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Mary Ann Bickerdyke Civil War Nurse biography
During the period of the American Civil War there were many tough determined men ready to do whatever had to be done. There were also many tough and determined women ready to do what had to be done. One such woman was called Mary Ann (Mother) Bickerdyke. She was called Mother because she became “Mother to the boys in Blue.”
She was born July 19, 1817 in Mt. Vernon, Ohio and died November 8, 1901 of a stroke in Bunker Hill, Kansas. She was buried in Galesburg, Illinois where she and her husband made a home.Her mother died when she was an infant and her grandparents raised her on a farm. When her grandparents died an uncle took her in. She traveled the Midwest with her aunt, an evangelist preacher. Upon reaching adulthood she worked as a domestic servant, Then married Robert Bickerdyke when she was thirty and they eventually settled in Galesburg, Illinois. Her husband died there and left her with two children to support. She then worked as a maid and did laundry. She metEdward Beecher, the brother of Harriet Beecher Stowe at the Congregational church where he was pastor. After her daughter died as an infant, she became interested in reading about health issues.
Not a lot is known about her early life and education. It is thought that she might have attended nursing school at Oberlin College. It is also possible, but unknown if she helped care for victims of cholera epidemics in Cincinnati in 1837 and 1849. It was shortly after the start of the Civil War that Rev. Beecher got a letter telling about the poor medical care for the Union soldiers. He mentioned the fact in a sermon, which influenced Mary Ann who decided to do something about it. With her leadership there was a drive to collect medical supplies in her town, which she delivered to the nearest Union base, in Cairo, Illinois.Conditions in the camp’s medical clinic disturbed her and she refused to leave, although it was in violation of regulations. She washed soldiers bedding and clothes as well as cook meals and clean wounds. She even got a small staff of lady volunteers who helped improve standards of cleanliness but also improved morale and recovery rates.
Her Clash With Authority
She had to fight with authorities when she first went to Cairo, Illinois because women were not allowed into army camps without permission and nobody wanted to give permission. She knew her services were needed to help the soldiers so she persisted. Army doctors at that time were more concerned about amputations and reducing pain and not so concerned about clean water, fresh air, nutrition, and sanitation. As Bickerdyke made changes soldiers started to recover faster. Later, when a military hospital was started in Cairo, she became the matron.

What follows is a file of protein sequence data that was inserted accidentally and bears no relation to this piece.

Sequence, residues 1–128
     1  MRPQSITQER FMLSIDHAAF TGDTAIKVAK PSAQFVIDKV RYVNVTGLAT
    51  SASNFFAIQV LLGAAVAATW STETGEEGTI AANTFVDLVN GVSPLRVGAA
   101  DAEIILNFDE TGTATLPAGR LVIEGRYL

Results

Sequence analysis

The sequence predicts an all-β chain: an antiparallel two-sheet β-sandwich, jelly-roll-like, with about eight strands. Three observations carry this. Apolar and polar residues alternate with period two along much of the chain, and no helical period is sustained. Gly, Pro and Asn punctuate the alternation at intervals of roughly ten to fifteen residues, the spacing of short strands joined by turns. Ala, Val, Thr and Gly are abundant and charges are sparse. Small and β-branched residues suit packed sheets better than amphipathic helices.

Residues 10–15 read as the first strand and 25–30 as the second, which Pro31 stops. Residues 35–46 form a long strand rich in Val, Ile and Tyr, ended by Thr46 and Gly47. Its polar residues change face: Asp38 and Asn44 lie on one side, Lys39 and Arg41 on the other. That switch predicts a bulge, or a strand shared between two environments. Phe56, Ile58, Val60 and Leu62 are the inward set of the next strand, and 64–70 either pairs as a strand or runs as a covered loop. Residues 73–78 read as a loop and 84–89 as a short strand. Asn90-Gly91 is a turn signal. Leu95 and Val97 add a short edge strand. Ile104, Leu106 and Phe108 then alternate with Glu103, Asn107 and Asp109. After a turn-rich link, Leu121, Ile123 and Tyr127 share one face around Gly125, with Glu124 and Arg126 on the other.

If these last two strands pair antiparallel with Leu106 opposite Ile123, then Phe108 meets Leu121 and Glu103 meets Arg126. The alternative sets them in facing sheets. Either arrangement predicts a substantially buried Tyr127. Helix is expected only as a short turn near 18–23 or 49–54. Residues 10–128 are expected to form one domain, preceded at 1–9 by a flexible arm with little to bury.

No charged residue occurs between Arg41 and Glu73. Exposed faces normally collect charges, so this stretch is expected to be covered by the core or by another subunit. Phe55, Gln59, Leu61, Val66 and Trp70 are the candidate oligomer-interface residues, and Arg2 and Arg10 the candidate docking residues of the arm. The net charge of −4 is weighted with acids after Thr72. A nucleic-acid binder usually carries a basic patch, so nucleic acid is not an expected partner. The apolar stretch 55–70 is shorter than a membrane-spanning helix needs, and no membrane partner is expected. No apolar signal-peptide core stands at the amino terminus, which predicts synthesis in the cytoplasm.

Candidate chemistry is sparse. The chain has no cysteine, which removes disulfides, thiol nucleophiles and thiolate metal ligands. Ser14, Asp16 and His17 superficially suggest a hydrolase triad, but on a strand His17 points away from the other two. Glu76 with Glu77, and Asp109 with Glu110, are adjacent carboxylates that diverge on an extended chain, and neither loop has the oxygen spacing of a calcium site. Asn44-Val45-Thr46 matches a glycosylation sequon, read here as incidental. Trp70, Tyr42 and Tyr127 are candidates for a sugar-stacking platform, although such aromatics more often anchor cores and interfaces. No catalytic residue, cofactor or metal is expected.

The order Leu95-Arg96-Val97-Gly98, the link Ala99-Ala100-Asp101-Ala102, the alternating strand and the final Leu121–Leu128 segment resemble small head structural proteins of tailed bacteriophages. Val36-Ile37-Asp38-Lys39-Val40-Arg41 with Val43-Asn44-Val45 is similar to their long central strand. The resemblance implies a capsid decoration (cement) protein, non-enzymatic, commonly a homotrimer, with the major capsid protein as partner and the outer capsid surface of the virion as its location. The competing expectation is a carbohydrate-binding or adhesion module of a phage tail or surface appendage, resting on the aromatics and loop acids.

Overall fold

After a while she followed the troops into battle areas and worked in field hospitals with doctors who would perform quick surgeries. She and her recruits provided food for the wounded soldiers, cleaned blood from them and cut off dirty uniforms and replaced them with hospital garments.
She gained prestige during the Civil War, setting up hospitals and traveling with the Union army and improving conditions for wounded soldiers. Although the military discouraged her activities in the beginning, she gained the admiration of Generals Ulysses Grant and William Tecumseh Sherman.
As the Union Army moved on, she moved with them. Gradually she started getting more help from army officials She finally got official recognition in 1862 when she was given a job paying 50 dollars a month as a sanitary field agent. It also had the advantage that she could get supplies from the Sanitary Commissions stores and not have to depend on donations for supplies. General Grant also gave her a pass to travel freely among the troops.
She did follow Grant’s Army to the battles of Shiloh and to Corinth where she opened another field hospital. She then went to Memphis and to the battle of Vicksburg, where she decided to join Sherman’s Army’s march to Chattanooga. Once in Chattanooga she argued with Sherman about being allowed to travel with the army on their march to Atlanta and Savannah. She went along to Atlanta but Sherman would not let her go on to Savanna.
During the remainder of the war she traveled with different sections of the Union Army and helped to set up hospitals and care for the wounded. After the war she stayed on as an army nurse until she resigned March 21, 1866.
Her sons sent her to San Francisco when her own health was failing. She helped war veterans while she was there. She also got a patronage job with the San Francisco mint and was able to help veterans get their pensions.
Information for this hub was gleaned from NNDB.com article on Mary Ann Bickerdyke, BookRags article World of Health on Mary Ann Bickerdyke, and biography.com
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© 2011 Don A. Hoglund